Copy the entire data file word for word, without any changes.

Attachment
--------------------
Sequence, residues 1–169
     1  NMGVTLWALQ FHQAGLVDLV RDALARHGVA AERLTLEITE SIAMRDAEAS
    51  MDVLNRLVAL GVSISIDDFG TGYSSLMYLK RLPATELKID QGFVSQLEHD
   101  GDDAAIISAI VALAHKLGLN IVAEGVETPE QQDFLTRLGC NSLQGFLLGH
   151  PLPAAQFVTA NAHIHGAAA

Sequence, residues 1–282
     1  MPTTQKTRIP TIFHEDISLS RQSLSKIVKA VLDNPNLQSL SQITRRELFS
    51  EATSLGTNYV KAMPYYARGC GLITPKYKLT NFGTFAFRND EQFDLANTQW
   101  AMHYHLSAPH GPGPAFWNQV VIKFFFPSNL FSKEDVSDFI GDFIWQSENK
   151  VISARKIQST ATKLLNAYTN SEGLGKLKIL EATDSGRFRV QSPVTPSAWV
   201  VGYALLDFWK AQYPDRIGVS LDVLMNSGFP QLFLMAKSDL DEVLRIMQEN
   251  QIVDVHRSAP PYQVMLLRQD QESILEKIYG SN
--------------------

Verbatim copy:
Sequence, residues 1–169
     1  NMGVTLWALQ FHQAGLVDLV RDALARHGVA AERLTLEITE SIAMRDAEAS
    51  MDVLNRLVAL GVSISIDDFG TGYSSLMYLK RLPATELKID QGFVSQLEHD
   101  GDDAAIISAI VALAHKLGLN IVAEGVETPE QQDFLTRLGC NSLQGFLLGH
   151  PLPAAQFVTA NAHIHGAAA

Sequence, residues 1–282
     1  MPTTQKTRIP TIFHEDISLS RQSLSKIVKA VLDNPNLQSL SQITRRELFS
    51  EATSLGTNYV KAMPYYARGC GLITPKYKLT NFGTFAFRND EQFDLANTQW
   101  AMHYHLSAPH GPGPAFWNQV VIKFFFPSNL FSKEDVSDFI GDFIWQSENK
   151  VISARKIQST ATKLLNAYTN SEGLGKLKIL EATDSGRFRV QSPVTPSAWV
   201  VGYALLDFWK AQYPDRIGVS LDVLMNSGFP QLFLMAKSDL DEVLRIMQEN
   251  QIVDVHRSAP PYQVMLLRQD QESILEKIYG SN